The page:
Yorkshire woman swept away as holiday isle floods

THE family of an East Yorkshire woman who was killed in floods on the holiday island of Madeira said today there were no words to describe their loss.

Pamela Gaines, 53, from Garton-on-the-Wolds, near Driffield, was swept away when the taxi she and her husband, George, were in was engulfed by water in the capital Funchal.

Mr Gaines, who is also known as Philip, was said to have received minor injuries.

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Today, the family of Mrs Gaines released a statement through Humberside Police.

They said: "We are all shocked and deeply saddened with no words beginning to describe what we have lost.

"We would all ask that the media respect our privacy as we come to terms with our loss as no further comments will be made."

Earlier, people in the small village of Garton-on-the-Wolds spoke of their shock at Mrs Gaines's death.

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The couple were said to be well-known in the village, with agronomist Mr Gaines helping out with odd-jobs, such as weed-killing, in the churchyard of St Michael's Church.

Reverend John Tallant, the vicar at the Norman church, said he had met Mrs Gaines and described her death as "very sad" and "a blow" for the village.

Staff at Wold Vale Agronomy, where Mr Gaines is believed to be a director, were said to be devastated by the news.

Another couple travelling in the taxi with Mr and Mrs Gaines are believed to have received minor injuries, while the taxi driver was also reportedly swept to his death.

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At least 42 people have been killed and more than 120 injured in the floods and mudslides which started after heavy rainfall on Saturday.

A "small number" of Britons, understood to be less than five, were being treated in hospital.

Peter Ramos, of Hospital Cruz de Carvalho, said of the 120 patients received on Saturday three were from the UK.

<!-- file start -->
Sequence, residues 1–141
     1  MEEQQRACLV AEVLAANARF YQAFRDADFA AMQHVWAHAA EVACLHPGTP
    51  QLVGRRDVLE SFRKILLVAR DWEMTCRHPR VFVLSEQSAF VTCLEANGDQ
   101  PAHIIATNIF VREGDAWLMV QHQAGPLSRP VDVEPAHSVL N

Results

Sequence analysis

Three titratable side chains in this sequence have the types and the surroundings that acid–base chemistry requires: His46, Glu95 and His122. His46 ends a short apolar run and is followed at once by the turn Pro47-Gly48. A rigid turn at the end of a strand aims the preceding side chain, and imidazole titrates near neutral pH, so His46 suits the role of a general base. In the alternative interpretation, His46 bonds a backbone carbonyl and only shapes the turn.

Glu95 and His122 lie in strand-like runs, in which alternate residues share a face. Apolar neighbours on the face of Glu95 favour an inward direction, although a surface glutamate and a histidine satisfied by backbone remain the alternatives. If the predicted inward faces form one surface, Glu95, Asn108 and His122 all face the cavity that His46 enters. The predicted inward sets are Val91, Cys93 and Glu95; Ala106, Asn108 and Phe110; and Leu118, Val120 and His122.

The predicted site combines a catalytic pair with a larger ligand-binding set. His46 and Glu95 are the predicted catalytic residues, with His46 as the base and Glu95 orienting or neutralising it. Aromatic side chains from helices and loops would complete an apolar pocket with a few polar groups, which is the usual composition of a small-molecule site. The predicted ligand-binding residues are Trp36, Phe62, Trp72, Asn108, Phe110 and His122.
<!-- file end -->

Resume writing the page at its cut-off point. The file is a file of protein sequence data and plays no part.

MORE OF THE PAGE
One woman remained in hospital with multiple injuries, while two men sustained minor injuries and had been discharged.

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The torrents of water and mud wrecked bridges on the hilly island, and littered roads with cars, trees and rocks.

Ricardo Macedo, manager of Hotel Monte Carlo in Funchal, said the floods were the worst he could remember in his life time, with three inches of rain falling in an hour.

He said: "The water was absolutely incredible, just outside my house it was two to three feet deep, it looked like something you'd see on a white water rafting trip.

"I saw a car go down my street without a driver, then end up in a pile at the bottom. This struck mid-morning when people were out shopping."

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Madeira - which is the main island of an archipelago around 300 miles off the north-west coast of Africa - is a popular winter sun destination for British holidaymakers.

Such has been the body count on the normally tranquil destination that the authorities had to use the international airport as a makeshift mortuary.

Phone lines were also disabled, forcing the emergency services to appeal over local radio stations for off-duty doctors and nurses to report for work.

The island's most famous son, former Manchester United player Ronaldo, expressed his horror at the floods.

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He told journalists in Madrid: "Nobody can remain indifferent to the disaster.

"I want to express my willingness to, as far as I can, help agencies and authorities to overcome the effects of this devastation."

Tourists were being advised to stay indoors over the weekend.

The Foreign Office said it was "strongly" advising Britons heading out there to contact their tour operators before travelling.

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Funchal residents and visitors face a lack of fresh water until the destroyed infrastructure is repaired, the head of water services said.

Pimenta de Franca said: "One of the main conduits of the city, which is upstream of most of the public distribution systems, has simply disappeared."

Portugal flew emergency rescue crews and equipment to the Atlantic island yesterday.

The Portuguese civil protection agency said a medical team backed up by divers and rescue experts headed out on a C-130 transport plane.

Regional president Alberto Joao Jardim has appealed for emergency aid from the European Union.

Island authorities said the storm, the worst to hit Madeira for 17 years, has displaced 250 people.

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